The mystery of where to get your munchies has been solved. With a name, logo and truck design inspired by Scooby-Doo cartoon vehicle, the Mystery Machine, The Munchie Machine (Twitter: @munchiemachine1) food truck rolls out tomorrow, April 20th. Like the cartoon, the truck can be understood two ways: wholesome family fare or stoner fantasy.
Launched by two meddling kids — Rob Grier, 34, and Oliver Catlin, 33 — Munchie Machine will materialize tomorrow night, not at the abandoned local fair outside town, but at Bigfoot West from 6 to 10 p.m.
They're not quite the gigantic sandwiches Shaggy would make (and Scooby would consume), but The Munchie Machine will offer half a dozen panini ($5-8) including the Croque du Munchie (black forest ham, Swiss cheese and a fried egg) and The Grilled Veggitini (grilled peppers, red onions, zucchini, spinach, sun-dried tomatoes, pesto basil spread and Parmesan cheese).
They also hope to satisfy your cravings (whether they're natural or cannabis-induced) with Scooby snacks like a Green Bowl daily salad special ($6-8), bars, cookies and cake slices from Sweet Lady Jane ($2-5) (which will open a Santa Monica ouptost this summer), vegan desserts by rising chef Chloe Coscarelli and s'mores ($3.50).
“We were both huge Scooby-Doo fans growing up,” Grier says. “And everyone's heard of munchies. They're open to interpretation. It can be anything to anyone: pizza, chili cheese fries, dessert.”
For those who like their snacks on the sweet side, Sweet Lady Jane's desserts include red velvet cupcakes, chocolate fudge blackout cake, lemon bars, peanut butter chocolate bars and brownies. While Coscarelli, who won last year's Coral Tree Café's panini contest with her Mango Masala Panini, will offer vegan chocolate coconut cupcakes, vegan cinnamon espresso chocolate chip cookies and fudge brownie bites. The s'mores are a mix of highbrow and lowbrow: gourmet marshmallows from Plush Puffs cosseted by Hershey's milk chocolate bars and Honey-Maid graham crackers.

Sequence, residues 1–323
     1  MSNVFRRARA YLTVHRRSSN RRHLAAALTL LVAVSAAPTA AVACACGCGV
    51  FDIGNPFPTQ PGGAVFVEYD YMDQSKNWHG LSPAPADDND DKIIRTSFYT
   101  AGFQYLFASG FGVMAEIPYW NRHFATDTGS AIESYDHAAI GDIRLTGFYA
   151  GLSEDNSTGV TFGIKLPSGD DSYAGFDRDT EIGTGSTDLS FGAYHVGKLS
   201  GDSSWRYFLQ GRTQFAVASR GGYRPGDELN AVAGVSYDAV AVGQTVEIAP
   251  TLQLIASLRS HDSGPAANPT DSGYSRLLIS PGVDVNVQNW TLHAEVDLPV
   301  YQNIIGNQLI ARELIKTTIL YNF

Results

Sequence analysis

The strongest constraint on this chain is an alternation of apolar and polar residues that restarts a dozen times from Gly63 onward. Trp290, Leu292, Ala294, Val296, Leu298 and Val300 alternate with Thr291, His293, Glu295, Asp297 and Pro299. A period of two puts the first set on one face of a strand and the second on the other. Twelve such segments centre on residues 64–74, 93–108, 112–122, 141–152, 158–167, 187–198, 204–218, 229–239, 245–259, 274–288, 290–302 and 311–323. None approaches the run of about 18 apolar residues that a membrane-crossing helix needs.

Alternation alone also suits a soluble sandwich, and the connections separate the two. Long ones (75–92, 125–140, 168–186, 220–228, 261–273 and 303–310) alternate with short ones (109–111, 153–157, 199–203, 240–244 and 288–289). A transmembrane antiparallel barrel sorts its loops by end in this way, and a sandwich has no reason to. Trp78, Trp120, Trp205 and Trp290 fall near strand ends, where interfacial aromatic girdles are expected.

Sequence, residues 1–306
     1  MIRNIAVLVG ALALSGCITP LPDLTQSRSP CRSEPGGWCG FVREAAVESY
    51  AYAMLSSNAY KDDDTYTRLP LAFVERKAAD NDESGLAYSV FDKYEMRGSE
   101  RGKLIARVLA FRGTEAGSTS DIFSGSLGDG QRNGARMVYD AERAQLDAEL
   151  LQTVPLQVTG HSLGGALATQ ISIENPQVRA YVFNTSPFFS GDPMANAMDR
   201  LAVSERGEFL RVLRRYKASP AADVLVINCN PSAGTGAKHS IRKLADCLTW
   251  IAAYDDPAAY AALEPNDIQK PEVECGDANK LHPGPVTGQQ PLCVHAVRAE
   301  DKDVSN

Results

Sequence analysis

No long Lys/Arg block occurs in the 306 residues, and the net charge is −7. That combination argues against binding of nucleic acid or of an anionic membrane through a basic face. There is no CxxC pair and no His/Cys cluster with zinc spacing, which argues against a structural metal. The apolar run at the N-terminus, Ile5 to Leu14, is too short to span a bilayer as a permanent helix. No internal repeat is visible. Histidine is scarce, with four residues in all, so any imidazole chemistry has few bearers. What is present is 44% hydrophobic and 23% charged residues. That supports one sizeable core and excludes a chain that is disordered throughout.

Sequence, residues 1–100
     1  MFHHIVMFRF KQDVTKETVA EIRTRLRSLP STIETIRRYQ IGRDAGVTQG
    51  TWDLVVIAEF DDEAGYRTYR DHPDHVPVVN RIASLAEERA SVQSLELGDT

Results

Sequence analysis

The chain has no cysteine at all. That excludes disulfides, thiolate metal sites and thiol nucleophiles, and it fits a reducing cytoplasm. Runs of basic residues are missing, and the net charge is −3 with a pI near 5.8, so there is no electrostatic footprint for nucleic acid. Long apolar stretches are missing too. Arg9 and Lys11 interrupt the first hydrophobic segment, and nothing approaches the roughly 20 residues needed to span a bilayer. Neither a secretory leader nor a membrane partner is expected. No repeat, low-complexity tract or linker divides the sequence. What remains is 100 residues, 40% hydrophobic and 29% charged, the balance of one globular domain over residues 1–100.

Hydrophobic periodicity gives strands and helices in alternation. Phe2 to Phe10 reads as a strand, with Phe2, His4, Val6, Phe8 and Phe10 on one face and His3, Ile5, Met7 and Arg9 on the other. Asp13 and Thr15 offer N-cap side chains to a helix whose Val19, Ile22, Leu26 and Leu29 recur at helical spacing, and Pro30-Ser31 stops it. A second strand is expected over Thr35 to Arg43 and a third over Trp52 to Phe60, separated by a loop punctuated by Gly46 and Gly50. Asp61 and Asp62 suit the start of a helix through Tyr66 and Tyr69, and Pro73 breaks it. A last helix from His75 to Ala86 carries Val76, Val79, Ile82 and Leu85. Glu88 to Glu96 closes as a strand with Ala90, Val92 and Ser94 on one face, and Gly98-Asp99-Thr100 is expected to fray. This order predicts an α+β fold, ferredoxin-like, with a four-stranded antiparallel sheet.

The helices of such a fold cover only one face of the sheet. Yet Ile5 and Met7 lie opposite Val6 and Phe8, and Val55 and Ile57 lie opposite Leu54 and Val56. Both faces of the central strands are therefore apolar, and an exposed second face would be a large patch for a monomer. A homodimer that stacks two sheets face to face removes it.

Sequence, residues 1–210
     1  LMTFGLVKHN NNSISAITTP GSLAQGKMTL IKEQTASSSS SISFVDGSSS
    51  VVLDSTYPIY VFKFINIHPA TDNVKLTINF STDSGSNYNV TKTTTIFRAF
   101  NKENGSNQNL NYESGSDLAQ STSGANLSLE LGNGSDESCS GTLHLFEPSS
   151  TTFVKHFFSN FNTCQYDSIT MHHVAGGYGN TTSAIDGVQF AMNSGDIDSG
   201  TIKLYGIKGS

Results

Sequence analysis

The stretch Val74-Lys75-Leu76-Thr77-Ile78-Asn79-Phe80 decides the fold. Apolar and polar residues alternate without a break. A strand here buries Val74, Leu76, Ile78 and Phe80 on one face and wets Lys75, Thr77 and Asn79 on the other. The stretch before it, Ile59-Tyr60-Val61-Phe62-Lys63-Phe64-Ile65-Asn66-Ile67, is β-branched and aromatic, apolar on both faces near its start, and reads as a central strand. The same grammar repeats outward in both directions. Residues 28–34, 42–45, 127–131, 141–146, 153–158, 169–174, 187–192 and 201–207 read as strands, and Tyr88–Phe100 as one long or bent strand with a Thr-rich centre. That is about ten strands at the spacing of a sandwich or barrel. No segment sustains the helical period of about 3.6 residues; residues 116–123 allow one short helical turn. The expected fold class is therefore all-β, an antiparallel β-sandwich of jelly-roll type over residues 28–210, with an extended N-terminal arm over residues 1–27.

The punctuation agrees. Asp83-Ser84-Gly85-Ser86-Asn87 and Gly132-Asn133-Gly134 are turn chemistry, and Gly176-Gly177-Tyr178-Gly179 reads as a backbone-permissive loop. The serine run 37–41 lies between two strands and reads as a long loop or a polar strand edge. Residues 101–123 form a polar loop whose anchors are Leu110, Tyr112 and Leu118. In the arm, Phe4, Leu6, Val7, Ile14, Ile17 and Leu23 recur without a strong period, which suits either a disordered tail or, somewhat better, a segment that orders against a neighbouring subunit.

Last summer, Grier was working as a corporate operations manager for Jody Maroni's, which considered expanding its sausage kingdom with a food truck. When the idea didn't pan out, Grier, who had been following Kogi's progress since day one, teamed up with childhood pal Catlin to launch a truck of their own.
“A lot of the trucks that are out there are branded off of the food they sell: burgers or barbecue or whatever. We just wanted a fun interactive concept for our truck, and we were both Scooby-Doo fans growing up,” Catlin says.
The truck, designed by Austino Obi Okafor, rolls out of Triangle Catering in Van Nuys, which is launching a new gourmet truck company called Curbside Gourmet. While Catlin will handle the business side of Munchie Machine, Grier will be on the truck taking orders and helping chef Shing Kwok serve food.
Their innovation in food truck service? A paper menu for patrons to fill out. Grier and Catlin hope it will cut down wait times and give people something to do while standing in line.